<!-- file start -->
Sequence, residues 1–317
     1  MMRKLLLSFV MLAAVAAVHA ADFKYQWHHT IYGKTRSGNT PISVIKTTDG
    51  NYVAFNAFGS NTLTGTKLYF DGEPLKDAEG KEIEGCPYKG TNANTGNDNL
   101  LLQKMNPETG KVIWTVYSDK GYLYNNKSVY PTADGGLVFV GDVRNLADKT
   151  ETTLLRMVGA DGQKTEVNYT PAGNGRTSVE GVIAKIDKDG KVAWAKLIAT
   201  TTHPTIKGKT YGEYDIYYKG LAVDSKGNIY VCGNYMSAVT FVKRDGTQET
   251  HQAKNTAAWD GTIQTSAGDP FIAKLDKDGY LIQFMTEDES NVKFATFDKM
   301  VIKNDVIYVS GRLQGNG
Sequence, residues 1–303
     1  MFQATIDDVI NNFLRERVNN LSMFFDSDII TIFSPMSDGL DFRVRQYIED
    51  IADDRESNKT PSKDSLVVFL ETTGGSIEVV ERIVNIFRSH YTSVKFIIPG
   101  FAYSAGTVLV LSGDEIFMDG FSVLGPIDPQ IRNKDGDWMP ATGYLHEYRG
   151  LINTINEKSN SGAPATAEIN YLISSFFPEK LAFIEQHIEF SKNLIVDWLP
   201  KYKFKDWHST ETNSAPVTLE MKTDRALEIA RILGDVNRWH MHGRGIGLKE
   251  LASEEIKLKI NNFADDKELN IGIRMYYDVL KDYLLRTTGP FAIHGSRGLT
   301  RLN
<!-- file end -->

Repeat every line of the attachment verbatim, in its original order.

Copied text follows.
Sequence, residues 1–317
     1  MMRKLLLSFV MLAAVAAVHA ADFKYQWHHT IYGKTRSGNT PISVIKTTDG
    51  NYVAFNAFGS NTLTGTKLYF DGEPLKDAEG KEIEGCPYKG TNANTGNDNL
   101  LLQKMNPETG KVIWTVYSDK GYLYNNKSVY PTADGGLVFV GDVRNLADKT
   151  ETTLLRMVGA DGQKTEVNYT PAGNGRTSVE GVIAKIDKDG KVAWAKLIAT
   201  TTHPTIKGKT YGEYDIYYKG LAVDSKGNIY VCGNYMSAVT FVKRDGTQET
   251  HQAKNTAAWD GTIQTSAGDP FIAKLDKDGY LIQFMTEDES NVKFATFDKM
   301  VIKNDVIYVS GRLQGNG
Sequence, residues 1–303
     1  MFQATIDDVI NNFLRERVNN LSMFFDSDII TIFSPMSDGL DFRVRQYIED
    51  IADDRESNKT PSKDSLVVFL ETTGGSIEVV ERIVNIFRSH YTSVKFIIPG
   101  FAYSAGTVLV LSGDEIFMDG FSVLGPIDPQ IRNKDGDWMP ATGYLHEYRG
   151  LINTINEKSN SGAPATAEIN YLISSFFPEK LAFIEQHIEF SKNLIVDWLP
   201  KYKFKDWHST ETNSAPVTLE MKTDRALEIA RILGDVNRWH MHGRGIGLKE
   251  LASEEIKLKI NNFADDKELN IGIRMYYDVL KDYLLRTTGP FAIHGSRGLT
   301  RLN